On December 2, 2000 a Suo Motu Rule in Writ Petition No. 5897 of 2000 was issued by the High Court Division arising out of a newspaper report published in the Daily Banglabazar Patrika which stated that Shahida, wife of Saiful (son of Golam Mostafa), of village Atiha under Police Station Sadar Upazilla, District Naogoan had been forced to marry her husband's paternal cousin Shamsul in accordance with the pronouncement of a fatwa by one Haji Azizul Huq which purported to hold that Shahida's marriage to Shamsul had been dissolved consequent to an incident one year previously when her husband uttered out of anger the word "talak" notwithstanding the fact that Shahida and Saiful had continued their married life in the meantime. The said report further stated that after Saiful heard about the forced marriage to Shamsul, he refused to accept Shahida as his wife and sent her to her father's house where she was living a life of misery and anguish. Then the High Court Division issued the Suo Motu Rule 'upon the District Magistrate and Deputy Commissioner of Naogaon to show cause as to why he should not be directed to do that which he is required by law to do concerning the said incident and/or pass such other or further order or orders as this Court may deem fit and proper.' The High Court Division further directed the District Magistrate and Deputy Commissioner, Naogaon to appear in person and to produce the said Haji Azizul Huq before the Bench on December 14, 2001.
After hearing the parties, the High Court Division on January 1, 2001 pronounced its judgement making the rule absolute and holding that the marriage of Shahida and Saiful was not dissolved and that even if the marriage was taken as being dissolved there was no legal bar upon Shahida from re-marrying Saiful without an intervening marriage with any third person; that the fatwa in question was wrong and further holding that any fatwa including the instant one are all unauthorised and illegal. The Hon'ble Court also opined that that the legal system of Bangladesh empowers only the Courts to decide all questions relating to legal opinions regarding Muslim laws and other laws as in force. This was a great day for Bangladeshi women who are the victims and sufferers of fatwa.
However, very unusually, two appeals were filed against this judgement, by third parties (who had had no involvement in the High Court case). The Government did not appeal the judgement, nor did it take part in the leave hearing. One of the leave petitioners is an Assistant Mufti at a madrasah, described as being engaged in imparting Islamic Higher Education. The other is Chairman of the Mosjid Council, and claims to be a scholar of Islamic Jurisprudence and the Holy Quran and Hadith, who is regularly asked for advice on Muslim family matters and other aspects of Muslim life and in the process issues fatwas and as such has an interest in the matter.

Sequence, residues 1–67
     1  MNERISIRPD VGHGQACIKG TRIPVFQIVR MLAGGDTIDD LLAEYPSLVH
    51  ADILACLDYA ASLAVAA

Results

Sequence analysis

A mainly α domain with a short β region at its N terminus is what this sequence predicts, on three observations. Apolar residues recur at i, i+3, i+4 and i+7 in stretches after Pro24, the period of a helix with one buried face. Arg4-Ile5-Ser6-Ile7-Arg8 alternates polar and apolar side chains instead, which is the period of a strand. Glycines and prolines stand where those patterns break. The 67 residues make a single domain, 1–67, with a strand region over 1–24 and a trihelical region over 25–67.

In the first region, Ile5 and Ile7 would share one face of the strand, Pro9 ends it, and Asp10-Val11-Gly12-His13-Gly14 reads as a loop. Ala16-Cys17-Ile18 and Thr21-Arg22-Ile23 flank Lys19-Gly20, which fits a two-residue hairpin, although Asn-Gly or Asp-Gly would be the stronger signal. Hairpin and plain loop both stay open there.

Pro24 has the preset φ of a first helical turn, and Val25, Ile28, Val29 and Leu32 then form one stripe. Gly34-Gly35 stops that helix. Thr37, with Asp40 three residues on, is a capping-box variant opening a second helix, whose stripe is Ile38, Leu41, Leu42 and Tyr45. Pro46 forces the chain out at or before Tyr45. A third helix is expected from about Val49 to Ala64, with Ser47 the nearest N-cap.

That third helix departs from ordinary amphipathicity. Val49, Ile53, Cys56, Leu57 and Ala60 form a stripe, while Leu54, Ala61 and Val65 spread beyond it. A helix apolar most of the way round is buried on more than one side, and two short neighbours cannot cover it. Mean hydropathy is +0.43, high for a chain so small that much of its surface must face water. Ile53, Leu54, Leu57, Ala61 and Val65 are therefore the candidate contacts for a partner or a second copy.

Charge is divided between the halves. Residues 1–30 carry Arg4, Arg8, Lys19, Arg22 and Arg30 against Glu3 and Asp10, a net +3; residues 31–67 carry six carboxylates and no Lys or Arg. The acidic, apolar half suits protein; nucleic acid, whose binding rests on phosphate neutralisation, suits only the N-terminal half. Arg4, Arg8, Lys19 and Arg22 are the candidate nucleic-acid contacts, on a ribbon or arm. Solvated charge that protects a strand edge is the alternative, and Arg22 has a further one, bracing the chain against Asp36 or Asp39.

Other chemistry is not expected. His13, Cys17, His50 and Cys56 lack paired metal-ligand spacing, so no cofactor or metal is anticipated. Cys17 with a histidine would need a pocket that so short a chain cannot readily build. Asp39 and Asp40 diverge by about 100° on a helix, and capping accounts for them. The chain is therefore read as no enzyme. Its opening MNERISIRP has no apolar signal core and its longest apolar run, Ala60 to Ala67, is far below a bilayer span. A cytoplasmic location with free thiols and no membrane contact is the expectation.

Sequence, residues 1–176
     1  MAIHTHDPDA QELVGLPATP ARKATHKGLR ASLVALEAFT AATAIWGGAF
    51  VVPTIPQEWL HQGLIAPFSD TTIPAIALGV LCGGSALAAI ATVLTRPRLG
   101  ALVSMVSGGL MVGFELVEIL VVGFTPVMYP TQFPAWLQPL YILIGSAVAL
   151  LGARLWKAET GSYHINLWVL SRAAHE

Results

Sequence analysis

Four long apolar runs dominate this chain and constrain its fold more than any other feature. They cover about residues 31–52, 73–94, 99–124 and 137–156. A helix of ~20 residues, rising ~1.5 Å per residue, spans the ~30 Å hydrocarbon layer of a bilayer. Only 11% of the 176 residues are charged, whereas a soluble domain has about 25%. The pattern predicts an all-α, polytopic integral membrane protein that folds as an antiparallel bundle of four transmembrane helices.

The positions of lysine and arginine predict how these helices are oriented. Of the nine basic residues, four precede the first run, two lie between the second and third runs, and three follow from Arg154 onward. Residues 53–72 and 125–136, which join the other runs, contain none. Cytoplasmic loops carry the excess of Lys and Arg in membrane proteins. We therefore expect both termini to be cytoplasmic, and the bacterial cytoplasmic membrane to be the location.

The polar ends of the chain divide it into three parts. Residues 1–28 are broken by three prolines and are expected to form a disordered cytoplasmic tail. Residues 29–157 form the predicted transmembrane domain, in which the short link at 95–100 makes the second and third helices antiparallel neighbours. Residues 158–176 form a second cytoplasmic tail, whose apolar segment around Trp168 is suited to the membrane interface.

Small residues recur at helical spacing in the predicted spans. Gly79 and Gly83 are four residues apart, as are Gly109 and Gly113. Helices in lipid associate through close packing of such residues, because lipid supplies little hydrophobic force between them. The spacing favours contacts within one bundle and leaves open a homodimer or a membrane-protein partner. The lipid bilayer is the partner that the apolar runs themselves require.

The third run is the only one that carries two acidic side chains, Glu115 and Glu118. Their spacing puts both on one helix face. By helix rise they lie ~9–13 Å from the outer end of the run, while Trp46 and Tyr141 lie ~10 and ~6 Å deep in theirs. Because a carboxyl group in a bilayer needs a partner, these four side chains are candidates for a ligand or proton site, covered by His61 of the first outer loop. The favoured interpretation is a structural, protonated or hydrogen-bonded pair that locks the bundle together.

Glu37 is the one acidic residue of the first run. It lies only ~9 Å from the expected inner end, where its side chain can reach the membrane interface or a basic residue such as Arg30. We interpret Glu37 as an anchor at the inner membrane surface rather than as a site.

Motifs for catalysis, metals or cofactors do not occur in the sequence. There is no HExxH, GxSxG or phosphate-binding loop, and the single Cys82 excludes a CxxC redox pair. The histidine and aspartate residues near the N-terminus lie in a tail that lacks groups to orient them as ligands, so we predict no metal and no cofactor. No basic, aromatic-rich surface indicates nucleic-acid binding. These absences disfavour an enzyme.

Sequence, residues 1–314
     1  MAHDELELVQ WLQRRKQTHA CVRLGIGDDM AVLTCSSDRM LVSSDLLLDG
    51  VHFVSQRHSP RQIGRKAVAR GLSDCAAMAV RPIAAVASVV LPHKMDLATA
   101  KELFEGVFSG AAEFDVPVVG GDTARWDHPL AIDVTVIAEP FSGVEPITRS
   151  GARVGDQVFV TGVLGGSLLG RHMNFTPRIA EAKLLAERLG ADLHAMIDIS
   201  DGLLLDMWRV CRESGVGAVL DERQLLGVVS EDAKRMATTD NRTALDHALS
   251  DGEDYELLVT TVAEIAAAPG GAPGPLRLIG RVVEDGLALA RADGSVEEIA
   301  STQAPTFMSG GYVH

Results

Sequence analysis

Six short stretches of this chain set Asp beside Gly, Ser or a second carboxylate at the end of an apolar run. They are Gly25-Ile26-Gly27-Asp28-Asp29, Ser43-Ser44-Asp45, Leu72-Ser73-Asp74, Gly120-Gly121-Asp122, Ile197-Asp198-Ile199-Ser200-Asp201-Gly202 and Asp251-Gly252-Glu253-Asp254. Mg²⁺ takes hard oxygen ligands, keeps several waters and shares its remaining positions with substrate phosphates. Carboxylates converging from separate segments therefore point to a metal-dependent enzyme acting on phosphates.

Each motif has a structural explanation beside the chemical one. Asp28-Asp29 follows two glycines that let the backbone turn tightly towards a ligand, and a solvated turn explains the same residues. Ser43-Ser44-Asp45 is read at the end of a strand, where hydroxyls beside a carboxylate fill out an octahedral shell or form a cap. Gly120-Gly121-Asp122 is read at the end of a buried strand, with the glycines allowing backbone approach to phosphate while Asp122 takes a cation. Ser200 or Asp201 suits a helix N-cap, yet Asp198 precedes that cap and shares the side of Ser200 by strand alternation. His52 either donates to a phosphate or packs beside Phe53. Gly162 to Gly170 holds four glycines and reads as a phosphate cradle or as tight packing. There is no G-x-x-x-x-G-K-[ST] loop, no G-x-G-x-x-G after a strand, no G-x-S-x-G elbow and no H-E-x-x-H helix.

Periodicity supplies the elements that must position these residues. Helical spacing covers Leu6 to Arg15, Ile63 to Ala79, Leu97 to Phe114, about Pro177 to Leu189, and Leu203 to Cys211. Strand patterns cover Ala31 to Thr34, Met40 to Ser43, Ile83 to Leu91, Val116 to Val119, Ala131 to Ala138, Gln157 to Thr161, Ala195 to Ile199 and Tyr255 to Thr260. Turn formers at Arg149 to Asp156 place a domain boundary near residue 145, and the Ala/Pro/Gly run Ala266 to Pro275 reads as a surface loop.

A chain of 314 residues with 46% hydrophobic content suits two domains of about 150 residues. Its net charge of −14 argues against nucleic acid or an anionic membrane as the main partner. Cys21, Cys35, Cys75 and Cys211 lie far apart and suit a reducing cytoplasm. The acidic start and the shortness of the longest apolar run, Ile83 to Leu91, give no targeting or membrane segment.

The apex court has granted leave to appeal in both petitions, on the ground that it is necessary to consider the following points:
a. Whether there is scope for the High Court Division to issue a Suo Motu Rule in the exercise of its jurisdiction under Article 102 of the Constitution;
b. Whether some of the decisions of the HCD sought to be appealed are in conflict with the guaranteed rights of freedom of thought and freedom of religion; and
c. Whether the High Court Division has exceeded its jurisdiction in making recommendations in respect of matter which are contrary to the basic principle of separation of powers as exists in the Constitution.
In these circumstances, while appeal hearing of the above mentioned Suo Motu case on fatwa was pending regarding the fatwa case before the Apex Court of Bangladesh, the incidents of fatwa against poor women in Bangladesh increased alarmingly. Throughout 2009, newspapers reported a series of incidents of violence inflicted on women and girls in the name of fatwa by traditional dispute resolution processes (shalish), often involving religious leaders. These incidents had reportedly resulted in women and girls in villages across the country being caned, beaten, lashed or otherwise publicly humiliated within their communities. They included:
* a woman in Comilla subjected to 39 lashes and hospitalised after a shalish over a dispute regarding acknowledgement of paternity of her child born out of wedlock
* a woman and man in Hobiganj subjected to 101 lashes for 'breaching social norms'
* a woman subjected to 101 lashes for refusing her uncle's sexual advances
* the wife of a madrasah teacher in Naogaon district subjected to a hilla marriage; she and her husband were subjected to 101 lashes and then refused medical treatment after he reportedly pronounced talak